US Coins

CCAC breaks impasse for Fort McHenry 25¢

The impasse over how to design a quarter dollar reverse that would honor the Maryland fort that inspired the Star Spangled Banner may be over.

The Citizens Coinage Advisory Committee broke with the Commission of Fine Arts over the proposed designs for the American the Beautiful quarter dollar for the Fort McHenry National Monument and Historic Shrine, recommending a controversial design showing rockets exploding over the historic Baltimore harbor fort.

Meeting in Washington Feb. 28, the committee also endorsed a design for another 2013 quarter dollar, commemorating the Perry’s Victory and International Peace Memorial on Lake Erie. The panel recommended a design showing a statue of U.S. naval commander Oliver Hazard Perry with the 352-foot-high Peace Tower in the background.

At a Feb. 16 meeting, the Commission of Fine Arts had opted for a design showing the tower on a small island in the lake off the Ohio shore.

But the commission had declined for the second time to select a design for the Maryland coin, asking the U.S. Mint to give it yet another design, one that would show the five-pointed, star-shaped fort from an overhead aerial perspective.

With the CCAC’s recommendation in hand, it will be up to Deputy Mint Director Richard A. Peterson to decide whether to send Mint artists back to the drawing board for a third attempt to satisfy the commission.

He ordered the second effort after both review panels rejected all the proposed designs for the two coins in separate November meetings.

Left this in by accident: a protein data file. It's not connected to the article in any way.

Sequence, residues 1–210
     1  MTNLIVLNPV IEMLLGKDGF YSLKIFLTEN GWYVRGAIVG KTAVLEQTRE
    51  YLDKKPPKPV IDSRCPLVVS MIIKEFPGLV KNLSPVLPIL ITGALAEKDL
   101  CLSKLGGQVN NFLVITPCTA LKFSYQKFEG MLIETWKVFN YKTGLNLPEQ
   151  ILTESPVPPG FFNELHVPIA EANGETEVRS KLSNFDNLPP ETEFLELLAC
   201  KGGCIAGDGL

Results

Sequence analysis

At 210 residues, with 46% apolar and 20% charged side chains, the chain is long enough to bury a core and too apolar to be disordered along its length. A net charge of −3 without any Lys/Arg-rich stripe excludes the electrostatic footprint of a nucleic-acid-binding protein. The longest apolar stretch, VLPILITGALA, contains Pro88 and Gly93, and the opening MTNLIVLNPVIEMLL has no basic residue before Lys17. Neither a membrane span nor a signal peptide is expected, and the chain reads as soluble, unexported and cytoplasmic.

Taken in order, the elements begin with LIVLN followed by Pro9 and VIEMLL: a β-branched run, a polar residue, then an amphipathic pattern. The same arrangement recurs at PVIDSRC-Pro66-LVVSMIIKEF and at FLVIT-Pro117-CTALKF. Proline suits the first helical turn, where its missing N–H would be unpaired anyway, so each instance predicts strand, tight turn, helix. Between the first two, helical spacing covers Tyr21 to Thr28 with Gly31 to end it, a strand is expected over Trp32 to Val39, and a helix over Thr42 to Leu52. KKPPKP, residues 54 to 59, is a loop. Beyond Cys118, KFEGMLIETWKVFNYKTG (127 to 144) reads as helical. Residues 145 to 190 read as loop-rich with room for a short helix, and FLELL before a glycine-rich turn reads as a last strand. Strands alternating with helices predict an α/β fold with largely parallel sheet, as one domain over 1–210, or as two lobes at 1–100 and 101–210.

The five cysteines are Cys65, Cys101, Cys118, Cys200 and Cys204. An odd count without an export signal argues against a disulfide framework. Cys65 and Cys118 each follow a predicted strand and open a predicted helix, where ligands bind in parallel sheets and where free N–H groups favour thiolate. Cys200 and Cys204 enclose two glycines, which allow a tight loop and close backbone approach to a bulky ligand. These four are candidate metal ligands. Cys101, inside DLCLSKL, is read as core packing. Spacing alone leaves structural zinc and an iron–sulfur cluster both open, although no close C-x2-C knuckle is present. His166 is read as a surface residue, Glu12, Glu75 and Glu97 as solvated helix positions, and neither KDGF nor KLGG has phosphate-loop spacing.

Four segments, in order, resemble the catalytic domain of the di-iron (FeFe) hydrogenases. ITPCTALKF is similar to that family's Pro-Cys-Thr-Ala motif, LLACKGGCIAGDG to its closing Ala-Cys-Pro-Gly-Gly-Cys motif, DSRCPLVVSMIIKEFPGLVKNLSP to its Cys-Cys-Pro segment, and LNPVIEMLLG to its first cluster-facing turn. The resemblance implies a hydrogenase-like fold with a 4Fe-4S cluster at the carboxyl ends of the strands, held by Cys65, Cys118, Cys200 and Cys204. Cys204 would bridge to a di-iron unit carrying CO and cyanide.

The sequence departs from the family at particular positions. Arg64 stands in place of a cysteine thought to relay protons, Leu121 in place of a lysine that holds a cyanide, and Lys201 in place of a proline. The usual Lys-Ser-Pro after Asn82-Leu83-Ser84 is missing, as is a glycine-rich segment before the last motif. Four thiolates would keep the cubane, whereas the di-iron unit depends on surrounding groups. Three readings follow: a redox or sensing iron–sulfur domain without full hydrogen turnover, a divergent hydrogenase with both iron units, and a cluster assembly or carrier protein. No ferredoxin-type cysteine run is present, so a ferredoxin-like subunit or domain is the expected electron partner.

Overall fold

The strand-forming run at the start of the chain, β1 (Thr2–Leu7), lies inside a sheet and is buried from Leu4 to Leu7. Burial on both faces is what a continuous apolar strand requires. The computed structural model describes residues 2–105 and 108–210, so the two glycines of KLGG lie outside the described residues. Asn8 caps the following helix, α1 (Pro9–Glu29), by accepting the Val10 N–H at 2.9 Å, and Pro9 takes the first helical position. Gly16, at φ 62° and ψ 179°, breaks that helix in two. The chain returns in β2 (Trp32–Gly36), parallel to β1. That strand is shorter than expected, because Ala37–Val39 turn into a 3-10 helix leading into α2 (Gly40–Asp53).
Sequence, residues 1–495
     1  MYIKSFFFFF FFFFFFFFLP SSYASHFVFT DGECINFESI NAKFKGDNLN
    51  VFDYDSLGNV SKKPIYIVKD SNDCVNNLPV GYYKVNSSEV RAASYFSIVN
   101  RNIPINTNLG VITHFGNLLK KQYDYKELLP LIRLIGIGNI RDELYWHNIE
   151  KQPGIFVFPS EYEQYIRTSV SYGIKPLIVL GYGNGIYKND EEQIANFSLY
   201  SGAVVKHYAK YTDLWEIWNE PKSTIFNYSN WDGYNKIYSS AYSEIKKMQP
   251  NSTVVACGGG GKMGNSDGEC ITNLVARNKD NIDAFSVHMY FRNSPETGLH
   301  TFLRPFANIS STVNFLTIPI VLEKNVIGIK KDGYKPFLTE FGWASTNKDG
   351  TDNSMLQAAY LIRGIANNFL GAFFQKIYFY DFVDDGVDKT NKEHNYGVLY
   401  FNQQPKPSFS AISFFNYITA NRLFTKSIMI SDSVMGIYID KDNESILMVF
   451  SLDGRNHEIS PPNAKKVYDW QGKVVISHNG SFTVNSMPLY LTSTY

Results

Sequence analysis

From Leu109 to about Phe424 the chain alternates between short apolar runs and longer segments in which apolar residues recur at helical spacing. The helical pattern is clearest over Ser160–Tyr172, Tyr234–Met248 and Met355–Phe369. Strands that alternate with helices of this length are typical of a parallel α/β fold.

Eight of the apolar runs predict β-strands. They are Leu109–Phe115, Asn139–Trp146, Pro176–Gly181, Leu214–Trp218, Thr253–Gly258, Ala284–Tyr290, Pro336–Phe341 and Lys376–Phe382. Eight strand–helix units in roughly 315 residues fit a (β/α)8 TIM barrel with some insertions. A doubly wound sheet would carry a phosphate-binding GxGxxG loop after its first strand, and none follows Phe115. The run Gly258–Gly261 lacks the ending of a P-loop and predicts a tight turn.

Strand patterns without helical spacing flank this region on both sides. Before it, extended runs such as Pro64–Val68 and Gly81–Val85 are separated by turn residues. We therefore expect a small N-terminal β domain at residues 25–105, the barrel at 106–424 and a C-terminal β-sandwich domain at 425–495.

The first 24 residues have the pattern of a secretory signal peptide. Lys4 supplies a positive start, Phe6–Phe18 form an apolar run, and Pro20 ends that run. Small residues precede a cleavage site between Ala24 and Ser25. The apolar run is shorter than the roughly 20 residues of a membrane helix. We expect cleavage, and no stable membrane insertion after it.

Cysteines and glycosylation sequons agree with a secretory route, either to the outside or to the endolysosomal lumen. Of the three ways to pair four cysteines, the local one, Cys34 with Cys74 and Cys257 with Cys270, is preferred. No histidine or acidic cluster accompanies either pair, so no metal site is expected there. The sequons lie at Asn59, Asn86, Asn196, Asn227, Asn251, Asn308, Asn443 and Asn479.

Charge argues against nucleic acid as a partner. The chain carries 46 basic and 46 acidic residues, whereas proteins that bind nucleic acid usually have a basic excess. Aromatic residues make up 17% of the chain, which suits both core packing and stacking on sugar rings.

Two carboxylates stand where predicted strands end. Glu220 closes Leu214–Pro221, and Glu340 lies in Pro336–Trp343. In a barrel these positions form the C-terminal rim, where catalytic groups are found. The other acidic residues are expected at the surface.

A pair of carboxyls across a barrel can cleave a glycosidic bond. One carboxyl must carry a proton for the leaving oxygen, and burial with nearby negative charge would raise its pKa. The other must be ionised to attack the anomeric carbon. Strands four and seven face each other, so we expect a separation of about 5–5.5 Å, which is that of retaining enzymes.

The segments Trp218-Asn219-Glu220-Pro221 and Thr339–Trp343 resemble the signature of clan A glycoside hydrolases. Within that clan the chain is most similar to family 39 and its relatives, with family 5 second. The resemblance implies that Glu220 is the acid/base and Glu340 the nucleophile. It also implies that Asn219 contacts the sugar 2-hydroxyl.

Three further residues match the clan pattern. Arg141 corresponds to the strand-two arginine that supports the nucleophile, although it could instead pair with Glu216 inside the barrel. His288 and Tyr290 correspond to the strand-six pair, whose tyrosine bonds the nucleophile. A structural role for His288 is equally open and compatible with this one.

Treasury Secretary Timothy F. Geithner has the final word on what designs will be selected for the coins, a decision he typically makes with advice from the two coins advisory panels.

At times in the past, the Mint has said that because of its production schedules it didn’t have time to allow for yet another design review.

Maryland quarter dollar

The CCAC’s recommendation for the Maryland quarter dollar provoked a sharp debate between Gary B. Marks, the committee’s chair, and several committee members over whether the selected design will work.
Marks told the committee he didn’t think the attempt to recreate the bursting bombs over the fort would work. He cited a similar device that is to appear this year on another quarter dollar in the series. It is an exploding volcano from the Hawaii Volcanoes National Park coin.

Mint officials have produced a Proof version of the quarter dollar and will produce a 5-ounce silver version of the Hawaiian park coin.

Some committee members countered that the Hawaii coins show that the explosions will work.

“It’s a giant step in the direction of better coin design,” said Donald Scarinci, a New Jersey medals specialist who is in the forefront of pressing for more contemporary designs.

“I don’t think it works,” countered Marks, noting that he also had favored the Hawaiian volcano design.

He predicted collectors would look at the Maryland quarter dollar and wonder “Are we on a planet with two suns?”

But the design was a popular one with the committee.

Under a voting scheme that allows each member to give up to three points for a design, the exploding bomb design drew 16 points, outdistancing the second-place recommendation, a design showing an aerial view of the fort with a Star-Spangled Banner in the foreground. It drew 11 points.

Ohio quarter dollar

In the balloting for the Ohio quarter dollar, the favored design of Perry and the Peace Tower drew 14 points.

Peterson took the unusual step of sitting with the committee as it debated the Ohio quarter.

The deputy director said he wasn’t attempting to influence the panel’s action. He said that he had learned of Perry while a plebe at the U.S. Naval Academy.

He described the naval leader in the War of 1812 as “one of our first heroes.” Peterson wasn’t in the room when the committee’s votes on the coin were announced.

The committee also recommended designs for two congressional gold medals. One will honor 2006 Nobel Peace Prize winner Muhammad Yunus and one will salute the Montford Point Marines, who formed the first all-black unit in the Marine Corps in 1942 to 1949.

Muhammad Yunus gold medal